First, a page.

But over time, growing tired, old and fat whilst sucking on the imperial tit of Joe Taxpayer to subsidize their own expanding military and political investment strongholds, several leaders of the Silicon Valley of Rome forged an ingenious pact called “Don’t Poach, Don’t Tell” to squelch the rampant swiping. Consequences of the clan’s pact, however, hastened the empire’s downfall, as the imperial plotsters never questioned terms like “anti-trust” or “unfair competition” or, Hail Caesar help them, “DOJ.”

Kang explains how these pacts or agreements amongst giants is said to be “industry-wide,” with a few names that have already surfaced, including Google, Yahoo, Apple and Genentech. The pact would underscore the empire’s survival by failing to conquer their competitive lust for top business and engineering talent at bargain basement prices:

“Google has long been known for its exhaustive recruiting process to find people who fit into its culture and create innovative Web technologies. In 2005, Microsoft sued Google for hiring away Kai-Fu Lee, Microsoft's vice president for Web Interactive services, to head Google's operations in China.”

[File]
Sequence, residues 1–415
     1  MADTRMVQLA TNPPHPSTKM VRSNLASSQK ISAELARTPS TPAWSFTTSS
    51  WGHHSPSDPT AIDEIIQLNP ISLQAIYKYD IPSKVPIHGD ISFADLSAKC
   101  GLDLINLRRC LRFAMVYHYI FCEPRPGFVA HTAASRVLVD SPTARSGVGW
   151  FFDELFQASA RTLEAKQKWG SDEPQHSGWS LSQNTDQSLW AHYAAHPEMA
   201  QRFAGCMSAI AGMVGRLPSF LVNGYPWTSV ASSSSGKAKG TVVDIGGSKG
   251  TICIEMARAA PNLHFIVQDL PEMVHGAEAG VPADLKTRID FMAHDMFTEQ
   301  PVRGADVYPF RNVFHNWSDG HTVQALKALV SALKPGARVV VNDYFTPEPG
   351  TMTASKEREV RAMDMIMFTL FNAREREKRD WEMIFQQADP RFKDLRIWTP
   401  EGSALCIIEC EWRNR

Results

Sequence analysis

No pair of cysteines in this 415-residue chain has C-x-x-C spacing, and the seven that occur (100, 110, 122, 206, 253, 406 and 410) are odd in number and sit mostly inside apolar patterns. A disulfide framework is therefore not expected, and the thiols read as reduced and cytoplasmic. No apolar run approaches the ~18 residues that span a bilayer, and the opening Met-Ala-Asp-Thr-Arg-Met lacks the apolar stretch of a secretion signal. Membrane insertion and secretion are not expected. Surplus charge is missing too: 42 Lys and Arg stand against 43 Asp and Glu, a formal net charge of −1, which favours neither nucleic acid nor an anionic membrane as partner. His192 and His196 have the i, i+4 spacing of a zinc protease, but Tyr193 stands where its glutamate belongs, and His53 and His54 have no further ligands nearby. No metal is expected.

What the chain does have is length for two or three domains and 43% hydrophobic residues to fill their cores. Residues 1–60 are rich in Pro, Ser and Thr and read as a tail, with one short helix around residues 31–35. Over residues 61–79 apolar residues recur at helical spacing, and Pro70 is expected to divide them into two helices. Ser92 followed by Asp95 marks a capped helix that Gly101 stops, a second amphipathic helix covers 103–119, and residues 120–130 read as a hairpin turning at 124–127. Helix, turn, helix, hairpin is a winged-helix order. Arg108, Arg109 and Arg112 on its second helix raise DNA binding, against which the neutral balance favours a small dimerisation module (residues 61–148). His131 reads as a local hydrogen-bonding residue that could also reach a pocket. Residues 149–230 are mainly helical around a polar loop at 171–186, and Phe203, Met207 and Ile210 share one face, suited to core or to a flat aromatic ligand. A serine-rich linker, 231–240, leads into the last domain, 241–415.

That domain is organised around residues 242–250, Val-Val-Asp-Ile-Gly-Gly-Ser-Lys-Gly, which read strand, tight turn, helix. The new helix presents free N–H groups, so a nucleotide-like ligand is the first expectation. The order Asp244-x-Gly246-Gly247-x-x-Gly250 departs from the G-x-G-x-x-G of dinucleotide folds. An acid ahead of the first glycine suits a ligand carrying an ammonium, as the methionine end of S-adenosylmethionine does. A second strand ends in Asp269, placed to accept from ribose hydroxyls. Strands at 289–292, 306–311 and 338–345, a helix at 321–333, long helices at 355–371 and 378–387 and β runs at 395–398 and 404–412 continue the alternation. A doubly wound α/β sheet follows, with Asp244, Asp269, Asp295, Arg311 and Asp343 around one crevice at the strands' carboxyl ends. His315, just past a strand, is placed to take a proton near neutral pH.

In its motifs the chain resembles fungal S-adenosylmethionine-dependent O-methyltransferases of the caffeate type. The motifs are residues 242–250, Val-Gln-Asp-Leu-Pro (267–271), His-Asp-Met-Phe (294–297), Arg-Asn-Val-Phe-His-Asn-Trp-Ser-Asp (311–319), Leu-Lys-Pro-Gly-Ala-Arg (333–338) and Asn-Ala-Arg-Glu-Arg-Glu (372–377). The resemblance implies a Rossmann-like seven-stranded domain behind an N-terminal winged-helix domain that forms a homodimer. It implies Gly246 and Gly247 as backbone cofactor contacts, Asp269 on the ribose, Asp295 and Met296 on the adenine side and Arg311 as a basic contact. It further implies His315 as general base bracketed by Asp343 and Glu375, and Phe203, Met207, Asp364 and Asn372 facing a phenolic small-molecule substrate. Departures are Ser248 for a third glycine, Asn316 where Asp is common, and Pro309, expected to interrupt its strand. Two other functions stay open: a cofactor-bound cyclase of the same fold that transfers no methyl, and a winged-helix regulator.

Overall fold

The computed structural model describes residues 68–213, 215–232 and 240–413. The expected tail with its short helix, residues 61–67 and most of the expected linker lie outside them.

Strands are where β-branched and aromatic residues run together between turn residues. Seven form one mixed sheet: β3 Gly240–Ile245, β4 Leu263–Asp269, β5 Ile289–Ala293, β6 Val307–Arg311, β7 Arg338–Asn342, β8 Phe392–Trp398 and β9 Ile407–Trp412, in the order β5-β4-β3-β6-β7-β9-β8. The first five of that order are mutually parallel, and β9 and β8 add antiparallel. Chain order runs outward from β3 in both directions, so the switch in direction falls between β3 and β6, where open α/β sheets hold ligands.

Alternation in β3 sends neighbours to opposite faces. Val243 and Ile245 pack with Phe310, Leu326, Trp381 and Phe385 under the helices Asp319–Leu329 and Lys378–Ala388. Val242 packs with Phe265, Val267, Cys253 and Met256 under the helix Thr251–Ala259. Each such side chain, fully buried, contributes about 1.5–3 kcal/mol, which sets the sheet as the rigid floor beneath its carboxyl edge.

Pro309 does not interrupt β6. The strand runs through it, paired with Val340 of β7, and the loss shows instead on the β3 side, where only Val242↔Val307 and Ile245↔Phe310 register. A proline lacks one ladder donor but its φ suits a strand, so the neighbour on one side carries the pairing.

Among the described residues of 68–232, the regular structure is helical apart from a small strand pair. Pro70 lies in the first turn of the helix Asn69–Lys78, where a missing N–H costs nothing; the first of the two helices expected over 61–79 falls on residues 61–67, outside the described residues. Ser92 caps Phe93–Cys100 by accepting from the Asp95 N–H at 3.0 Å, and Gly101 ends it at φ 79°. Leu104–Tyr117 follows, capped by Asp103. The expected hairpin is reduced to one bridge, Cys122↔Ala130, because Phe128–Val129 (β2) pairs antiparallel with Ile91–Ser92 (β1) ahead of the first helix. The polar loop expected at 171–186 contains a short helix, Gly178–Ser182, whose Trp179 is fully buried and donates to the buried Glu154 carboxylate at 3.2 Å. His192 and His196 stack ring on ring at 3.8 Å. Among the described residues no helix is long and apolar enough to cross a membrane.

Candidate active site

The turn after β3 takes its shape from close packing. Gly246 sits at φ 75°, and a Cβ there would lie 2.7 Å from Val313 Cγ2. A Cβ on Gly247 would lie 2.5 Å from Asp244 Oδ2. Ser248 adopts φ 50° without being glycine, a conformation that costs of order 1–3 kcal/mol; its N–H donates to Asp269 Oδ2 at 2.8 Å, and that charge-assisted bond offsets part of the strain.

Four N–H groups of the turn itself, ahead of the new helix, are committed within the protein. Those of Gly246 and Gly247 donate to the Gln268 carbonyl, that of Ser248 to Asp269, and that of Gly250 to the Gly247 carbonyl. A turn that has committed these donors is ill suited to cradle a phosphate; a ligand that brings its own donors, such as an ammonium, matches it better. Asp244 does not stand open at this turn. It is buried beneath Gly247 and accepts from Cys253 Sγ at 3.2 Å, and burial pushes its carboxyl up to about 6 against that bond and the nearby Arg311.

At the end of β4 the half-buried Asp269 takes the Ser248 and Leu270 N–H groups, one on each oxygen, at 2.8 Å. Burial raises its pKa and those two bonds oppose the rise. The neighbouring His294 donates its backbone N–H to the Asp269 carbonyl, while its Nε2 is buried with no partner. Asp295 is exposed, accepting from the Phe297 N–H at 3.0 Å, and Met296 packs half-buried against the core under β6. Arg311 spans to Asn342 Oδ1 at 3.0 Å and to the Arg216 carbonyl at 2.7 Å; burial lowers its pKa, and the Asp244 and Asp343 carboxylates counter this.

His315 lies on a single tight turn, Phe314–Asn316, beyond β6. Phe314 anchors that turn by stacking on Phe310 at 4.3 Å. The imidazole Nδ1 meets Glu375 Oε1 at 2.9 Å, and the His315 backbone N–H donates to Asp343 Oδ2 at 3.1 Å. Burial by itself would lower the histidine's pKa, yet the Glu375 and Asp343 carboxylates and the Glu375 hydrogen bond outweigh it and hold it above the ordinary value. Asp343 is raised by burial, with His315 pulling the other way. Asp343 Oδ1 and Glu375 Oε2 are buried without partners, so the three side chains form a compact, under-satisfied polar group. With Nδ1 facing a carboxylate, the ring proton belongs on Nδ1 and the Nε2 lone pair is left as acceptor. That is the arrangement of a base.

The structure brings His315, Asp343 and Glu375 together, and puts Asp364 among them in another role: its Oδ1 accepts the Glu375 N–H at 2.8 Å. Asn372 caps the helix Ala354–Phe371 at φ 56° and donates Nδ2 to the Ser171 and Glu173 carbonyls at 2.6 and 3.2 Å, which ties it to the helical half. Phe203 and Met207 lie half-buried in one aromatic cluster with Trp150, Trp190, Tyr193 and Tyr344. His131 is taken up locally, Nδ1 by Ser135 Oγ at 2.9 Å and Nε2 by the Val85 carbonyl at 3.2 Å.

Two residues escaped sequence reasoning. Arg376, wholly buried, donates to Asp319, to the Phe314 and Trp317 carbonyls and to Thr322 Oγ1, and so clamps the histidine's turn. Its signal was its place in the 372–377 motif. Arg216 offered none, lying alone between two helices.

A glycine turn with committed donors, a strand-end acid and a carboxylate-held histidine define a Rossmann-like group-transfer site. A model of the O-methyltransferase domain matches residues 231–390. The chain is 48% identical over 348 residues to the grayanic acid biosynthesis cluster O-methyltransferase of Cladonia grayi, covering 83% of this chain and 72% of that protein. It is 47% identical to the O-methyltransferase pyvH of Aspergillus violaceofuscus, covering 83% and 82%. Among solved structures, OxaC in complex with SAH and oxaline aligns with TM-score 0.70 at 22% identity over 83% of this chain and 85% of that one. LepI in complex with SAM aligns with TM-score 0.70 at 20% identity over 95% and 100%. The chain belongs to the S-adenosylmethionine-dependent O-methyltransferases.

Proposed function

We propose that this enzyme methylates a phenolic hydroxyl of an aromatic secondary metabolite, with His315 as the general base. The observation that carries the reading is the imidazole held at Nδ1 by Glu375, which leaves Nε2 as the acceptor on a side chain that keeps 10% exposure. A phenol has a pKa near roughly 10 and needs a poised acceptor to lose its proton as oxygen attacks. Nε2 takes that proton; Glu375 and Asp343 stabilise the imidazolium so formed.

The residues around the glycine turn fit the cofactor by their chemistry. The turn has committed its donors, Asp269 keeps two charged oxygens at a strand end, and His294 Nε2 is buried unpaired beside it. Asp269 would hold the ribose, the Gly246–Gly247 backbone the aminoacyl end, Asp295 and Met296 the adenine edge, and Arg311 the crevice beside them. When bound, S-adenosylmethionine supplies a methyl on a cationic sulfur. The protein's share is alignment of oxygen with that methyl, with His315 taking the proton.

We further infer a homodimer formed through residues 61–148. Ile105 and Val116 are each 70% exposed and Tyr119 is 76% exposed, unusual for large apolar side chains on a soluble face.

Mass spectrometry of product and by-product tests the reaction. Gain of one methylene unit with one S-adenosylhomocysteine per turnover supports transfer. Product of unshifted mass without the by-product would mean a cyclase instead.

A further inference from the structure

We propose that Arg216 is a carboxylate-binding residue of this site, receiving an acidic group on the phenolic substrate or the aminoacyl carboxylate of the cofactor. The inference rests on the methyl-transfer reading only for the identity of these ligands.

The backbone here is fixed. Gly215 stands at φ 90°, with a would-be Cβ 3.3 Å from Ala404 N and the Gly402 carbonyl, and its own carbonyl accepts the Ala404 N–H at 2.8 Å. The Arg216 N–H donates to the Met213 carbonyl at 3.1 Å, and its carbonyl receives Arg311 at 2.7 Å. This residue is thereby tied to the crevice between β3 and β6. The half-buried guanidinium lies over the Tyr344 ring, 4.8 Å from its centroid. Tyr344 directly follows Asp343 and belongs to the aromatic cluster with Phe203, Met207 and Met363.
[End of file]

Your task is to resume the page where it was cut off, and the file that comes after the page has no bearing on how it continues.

As the Seventh Circle of Silicon Valley’s neo-frat boy, ruling tech factions could somehow be assured their competitors wouldn’t constantly be sniffing at each other’s armor, a mutual non-poaching pact made perfect sense -- as long as they could repel small groups of rebels who persisted in hurling insults and rocks at the periphery of their mighty columns.

In addition, The Deal Pipeline reports that the Department of Justice is investigating a possible pact between top U.S. tech companies not to poach each other's top executives. If true, it would be a violation of the 1890 Sherman Anti-Trust Act.

But cutting out competitors, hurting consumers and rendering the “best and brightest” gladiators to vassal bargaining status inspired Obama's antitrust chief at the Justice Department, Christine Varney, to step in to ostensibly clean the clock or the “effects” of this otherwise fast-ticking feudal lord system that has the potential of dooming the tech nobility’s collusive pact to suppress the wages of the empire’s entire cavalry:

“Of course, such collusion would get a corporate officer into big trouble with the antitrust authorities — restraint of trade and all that — so that option is out. Or is it?”